January 02, 2023

When I pulled up my NY Times feed yesterday it was all about taking the happiness challenge.  For the last 80 years researchers at Harvard have studied what makes for a good life and have found the one proven predictor of happiness is developing warmer relationships.  This year a team at the Times set out to develop a seven-day challenge to help people increase their happiness.  The team worked with Robert Waldinger of Harvard to craft exercises to help people cultivate more happiness in their relationships.  One of the challenges suggested is the invitation to write a “eulogy for the living,” or to tell someone why you are grateful for them right now.   Another challenge encourages talking to strangers.  Asking questions can feel uncomfortable, and you risk rejection, but it can have a maximum reward for a minimal effort.  The road to happiness does not begin until you start.

When I looked online, I found happiness is an emotional state characterized by the feelings of joy, satisfaction, contentment, and fulfillment.  While happiness has many different definitions, it is often described as involving positive emotions and life satisfaction.  Since happiness is a broadly defined term, psychologists and other social scientists typically use the term “subjective well-being” when they talk about this emotional state, and subjective well-being tends to focus on someone’s overall personal feelings about their life in the present.  There are two key components of happiness.  The first is the balance of emotions.  Everyone experiences positive and negative emotions, but happiness is generally linked to experiencing more positive feelings than negative ones.  The second is your level of life satisfaction.  This relates to how satisfied you feel with different areas of your life including your relationships, work, achievements, and other things that you consider important.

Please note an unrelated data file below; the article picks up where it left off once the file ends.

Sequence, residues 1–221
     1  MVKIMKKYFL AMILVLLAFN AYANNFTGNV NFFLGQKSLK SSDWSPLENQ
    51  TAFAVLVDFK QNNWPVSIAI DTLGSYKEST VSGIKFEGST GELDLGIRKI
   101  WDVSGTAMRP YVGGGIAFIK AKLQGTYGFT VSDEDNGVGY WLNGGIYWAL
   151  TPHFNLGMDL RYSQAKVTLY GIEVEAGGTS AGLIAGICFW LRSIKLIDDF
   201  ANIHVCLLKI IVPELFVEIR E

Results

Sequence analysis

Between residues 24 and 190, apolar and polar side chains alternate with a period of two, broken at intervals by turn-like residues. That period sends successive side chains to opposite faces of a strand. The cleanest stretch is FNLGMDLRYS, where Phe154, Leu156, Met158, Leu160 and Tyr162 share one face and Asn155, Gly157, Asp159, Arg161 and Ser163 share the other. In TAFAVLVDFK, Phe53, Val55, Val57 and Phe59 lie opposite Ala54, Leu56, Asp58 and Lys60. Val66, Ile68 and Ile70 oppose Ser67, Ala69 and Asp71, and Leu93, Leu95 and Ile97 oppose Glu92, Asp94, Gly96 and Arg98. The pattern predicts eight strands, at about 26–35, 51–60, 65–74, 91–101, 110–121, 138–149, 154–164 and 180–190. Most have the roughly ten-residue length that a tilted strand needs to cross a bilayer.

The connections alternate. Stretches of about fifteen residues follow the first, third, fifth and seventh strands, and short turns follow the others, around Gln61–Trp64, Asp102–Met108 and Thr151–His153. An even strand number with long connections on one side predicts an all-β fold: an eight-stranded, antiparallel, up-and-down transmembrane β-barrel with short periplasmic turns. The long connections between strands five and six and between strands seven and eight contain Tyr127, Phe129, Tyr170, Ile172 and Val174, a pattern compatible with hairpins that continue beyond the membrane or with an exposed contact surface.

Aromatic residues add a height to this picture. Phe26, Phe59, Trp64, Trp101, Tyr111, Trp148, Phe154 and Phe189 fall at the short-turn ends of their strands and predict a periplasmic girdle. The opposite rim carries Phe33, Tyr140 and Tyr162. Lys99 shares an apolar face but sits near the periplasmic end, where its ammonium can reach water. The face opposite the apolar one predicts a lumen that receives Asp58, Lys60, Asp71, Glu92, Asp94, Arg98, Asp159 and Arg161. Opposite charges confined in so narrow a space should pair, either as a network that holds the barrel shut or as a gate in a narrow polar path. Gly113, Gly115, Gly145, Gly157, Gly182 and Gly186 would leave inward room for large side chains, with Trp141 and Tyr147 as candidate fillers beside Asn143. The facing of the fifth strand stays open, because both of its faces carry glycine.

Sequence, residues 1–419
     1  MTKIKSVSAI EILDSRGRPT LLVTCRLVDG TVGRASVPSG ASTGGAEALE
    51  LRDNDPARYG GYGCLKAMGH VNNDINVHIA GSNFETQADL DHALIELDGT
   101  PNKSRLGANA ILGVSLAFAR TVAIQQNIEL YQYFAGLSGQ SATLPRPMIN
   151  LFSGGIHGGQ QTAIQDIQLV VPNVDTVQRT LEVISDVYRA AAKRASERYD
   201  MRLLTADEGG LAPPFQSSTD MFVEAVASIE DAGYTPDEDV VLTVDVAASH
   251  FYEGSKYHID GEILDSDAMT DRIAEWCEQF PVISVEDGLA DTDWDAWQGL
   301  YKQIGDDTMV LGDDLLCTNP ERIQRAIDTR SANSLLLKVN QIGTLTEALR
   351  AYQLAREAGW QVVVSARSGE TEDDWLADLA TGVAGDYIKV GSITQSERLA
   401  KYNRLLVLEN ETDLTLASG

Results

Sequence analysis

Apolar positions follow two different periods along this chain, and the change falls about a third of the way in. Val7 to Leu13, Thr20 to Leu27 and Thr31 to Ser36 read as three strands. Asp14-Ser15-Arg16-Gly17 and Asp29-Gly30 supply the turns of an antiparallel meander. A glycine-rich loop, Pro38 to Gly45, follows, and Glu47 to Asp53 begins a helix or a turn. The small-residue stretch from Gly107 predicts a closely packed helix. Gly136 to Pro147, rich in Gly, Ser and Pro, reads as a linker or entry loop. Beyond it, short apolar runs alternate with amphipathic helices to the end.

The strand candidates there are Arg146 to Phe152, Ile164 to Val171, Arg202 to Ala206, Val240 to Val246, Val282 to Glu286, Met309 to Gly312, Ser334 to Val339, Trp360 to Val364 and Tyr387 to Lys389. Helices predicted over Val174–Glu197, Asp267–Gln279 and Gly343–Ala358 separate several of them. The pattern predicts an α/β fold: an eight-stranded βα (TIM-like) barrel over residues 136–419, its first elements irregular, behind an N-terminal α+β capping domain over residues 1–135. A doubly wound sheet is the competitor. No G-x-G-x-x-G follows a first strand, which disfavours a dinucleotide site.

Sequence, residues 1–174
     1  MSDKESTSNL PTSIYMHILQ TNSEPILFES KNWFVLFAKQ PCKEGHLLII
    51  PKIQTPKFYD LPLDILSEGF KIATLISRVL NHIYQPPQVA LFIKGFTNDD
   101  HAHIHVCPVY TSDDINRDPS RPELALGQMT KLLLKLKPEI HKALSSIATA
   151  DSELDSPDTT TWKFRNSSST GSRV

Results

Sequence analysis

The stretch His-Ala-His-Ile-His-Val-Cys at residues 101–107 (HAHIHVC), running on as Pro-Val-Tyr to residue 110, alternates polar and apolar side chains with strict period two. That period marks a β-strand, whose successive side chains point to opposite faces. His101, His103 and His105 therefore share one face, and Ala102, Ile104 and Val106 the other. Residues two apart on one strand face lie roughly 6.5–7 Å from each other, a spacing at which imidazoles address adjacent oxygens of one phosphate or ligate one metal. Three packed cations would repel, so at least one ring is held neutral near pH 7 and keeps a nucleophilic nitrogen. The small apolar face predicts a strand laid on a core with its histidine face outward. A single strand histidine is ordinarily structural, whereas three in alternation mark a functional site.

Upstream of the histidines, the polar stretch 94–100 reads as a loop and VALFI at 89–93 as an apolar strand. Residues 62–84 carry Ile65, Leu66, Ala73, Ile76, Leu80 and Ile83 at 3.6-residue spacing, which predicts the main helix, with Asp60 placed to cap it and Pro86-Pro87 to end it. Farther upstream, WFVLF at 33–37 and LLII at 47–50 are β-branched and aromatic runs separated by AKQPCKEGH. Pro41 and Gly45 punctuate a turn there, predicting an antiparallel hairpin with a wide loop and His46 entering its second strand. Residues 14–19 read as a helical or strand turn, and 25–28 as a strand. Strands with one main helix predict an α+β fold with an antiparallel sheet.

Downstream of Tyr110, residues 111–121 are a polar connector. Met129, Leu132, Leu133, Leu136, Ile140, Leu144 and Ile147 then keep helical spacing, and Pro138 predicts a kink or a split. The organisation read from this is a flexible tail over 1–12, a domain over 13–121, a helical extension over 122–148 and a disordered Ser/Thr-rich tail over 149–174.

The search for happiness is not new and has been spoken of in print since at least the ancient Greeks.  The philosopher Aristotle suggested happiness is the “one” human desire, and all other human desires exist to obtain happiness.  Aristotle hypothesized four levels of happiness: happiness from immediate gratification, from comparison and achievement, from making positive contributions, and from self-fulfillment.  It is important to remember that happiness is not a state of constant euphoria.  Happiness is an overall sense of experiencing more positive emotions than negative ones.  Happy people feel the whole range of human emotions (including sadness) from time to time.  When they are faced with the discomforts of life, they have an underlying sense of optimism that things will get better, that they can deal with what is happening, and that they will be able to feel happy again.

THOUGHTS:  Research shows that a lot of people take the attitude they will find happiness in the future “if” and “when”.  IF I get the job I want, I will be happy.  WHEN I get the money or WHEN I retire, I will have more time to do the things I like.  However, the idea of a time surplus is a fallacy. You can do something small and actionable today to create happiness right now.  I wish you all the happiness of the coming New Year.  Act for all.  Change is coming and it starts with you.

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